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Travel, Gender and Imperialism: Mary Kingsley and West Africa (Mappings: Society, Theory/space) [Paperback]

Alison Blunt

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Book Description

31 May 1994 Mappings: Society, Theory/space
Drawing from the life and travels of Mary Kingsley, a nineteenth century travel writer and critic of the Crown Colony system, Alison Blunt cogently examines the relationships among travel, gender and imperialism. Instead of studying either travel generally or women travel writers in the colonial period specifically, Blunt examines both to show how the spatiality and gendering of travel are inseperable. Underlying her examination are debates about women as a focus of historial research, Western women and imperalism, and the place of women in a historiography of geography.

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Product details

  • Paperback: 190 pages
  • Publisher: Guilford Press; First Edition edition (31 May 1994)
  • Language: English
  • ISBN-10: 0898625467
  • ISBN-13: 978-0898625462
  • Product Dimensions: 1.5 x 15.2 x 22.6 cm
  • Amazon Bestsellers Rank: 1,572,911 in Books (See Top 100 in Books)

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Review

."..presents compelling ways of bringing together ideas from poststructuralist and postcolonial theory around geographical questions, and provides much material, both for those working within a similar intellectual territory, and for those grappling with more general methodological questions. It should find its place on many reading lists, if it has not already done so, as it previews an accessible contribution to contemporary debates around identity, space, and power." --R Elmhirst, Environment Section, Wye College, University of London, "Environment and Planning A""Blunt's book... is innovative, provocative, and clearly written." --Briavel Holcomb, Rutgers University"This book makes a significant contribution to the growing literature on travel, gender, and empire. Alison Blunt develops a post-structuralist perspective on travel writing which remains sensitive to questions of authorship and subjectivity. Drawing on feminist and post-colonial cultural theory, she constructs a sophisticated account of the ambivalent subject positions of Mary Kingsley within the public and private spheres of late Victorian Britain. By situating Kingsley's writings in the wider context of gendered discourses of 'home' and 'away', the book offers a new perspective on both travel writing and the culture of imperialism more generally." --Felix Driver, Royal Holloway, University of London"Alison Blunt's fascinating study of Mary Kinglsey offers new insights into the social and intellectual context of British imperialism. By drawing upon poststructuralist and feminist theories, she provides a stimulating and scholarly commentary upon the complex relations between Western women and the empire, the nature of nineteenth century British geography and the place of women in the subject's history. A lively and clearly written account, it is a pleasure to read." --Morag Bell, Ph.D., Loughborough University of Technology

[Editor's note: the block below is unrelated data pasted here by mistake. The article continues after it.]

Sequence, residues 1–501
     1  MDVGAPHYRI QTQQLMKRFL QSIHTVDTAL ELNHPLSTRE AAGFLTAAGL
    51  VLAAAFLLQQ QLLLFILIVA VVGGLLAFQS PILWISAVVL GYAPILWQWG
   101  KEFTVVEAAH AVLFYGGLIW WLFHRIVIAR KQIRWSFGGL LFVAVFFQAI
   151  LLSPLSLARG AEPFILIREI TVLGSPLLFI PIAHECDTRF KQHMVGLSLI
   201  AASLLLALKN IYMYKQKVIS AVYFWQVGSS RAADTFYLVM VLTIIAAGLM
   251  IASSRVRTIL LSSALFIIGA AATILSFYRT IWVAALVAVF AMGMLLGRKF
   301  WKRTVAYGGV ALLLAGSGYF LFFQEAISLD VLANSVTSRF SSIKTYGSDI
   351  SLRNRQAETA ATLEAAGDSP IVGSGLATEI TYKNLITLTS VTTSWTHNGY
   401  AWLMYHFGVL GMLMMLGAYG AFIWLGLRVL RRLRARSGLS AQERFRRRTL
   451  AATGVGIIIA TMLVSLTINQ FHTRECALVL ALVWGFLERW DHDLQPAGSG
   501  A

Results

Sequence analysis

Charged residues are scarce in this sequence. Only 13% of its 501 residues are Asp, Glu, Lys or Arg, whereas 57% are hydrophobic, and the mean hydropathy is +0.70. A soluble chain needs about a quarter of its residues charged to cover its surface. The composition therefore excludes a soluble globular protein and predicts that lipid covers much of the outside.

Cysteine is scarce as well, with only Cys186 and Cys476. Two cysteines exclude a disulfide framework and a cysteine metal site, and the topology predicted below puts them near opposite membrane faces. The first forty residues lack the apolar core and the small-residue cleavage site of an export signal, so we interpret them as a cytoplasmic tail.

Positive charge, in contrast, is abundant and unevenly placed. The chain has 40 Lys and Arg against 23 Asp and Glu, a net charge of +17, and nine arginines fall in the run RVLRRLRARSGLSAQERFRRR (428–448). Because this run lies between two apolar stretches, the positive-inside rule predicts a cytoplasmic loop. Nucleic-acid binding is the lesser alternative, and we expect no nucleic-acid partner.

About the Author

Alison Blunt, M.A., is a Lecturer in the Department of Geography at the University of Southampton in England.

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Imperial women's travel writing has to be located within the broader contexts of travel, travel writing, and imperial literary traditions. Read the first page
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Front Cover | Copyright | Table of Contents | Excerpt | Index | Back Cover
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Amazon.com: 5.0 out of 5 stars  1 review
5.0 out of 5 stars Travel, Gender, and Imperialism 27 Oct 2013
By Jessica A. Sheetz-Nguyen - Published on Amazon.com
Format:Kindle Edition|Verified Purchase
Blunt provides a provocative introduction to the larger question of women and travel during the late Victorian age. For this reason it is valuable for widening the lens on the history of women and their pursuits. What makes this monograph fascinating are the distinctive differences in attitudes and responses towards indigenous peoples that emerged because of gender.
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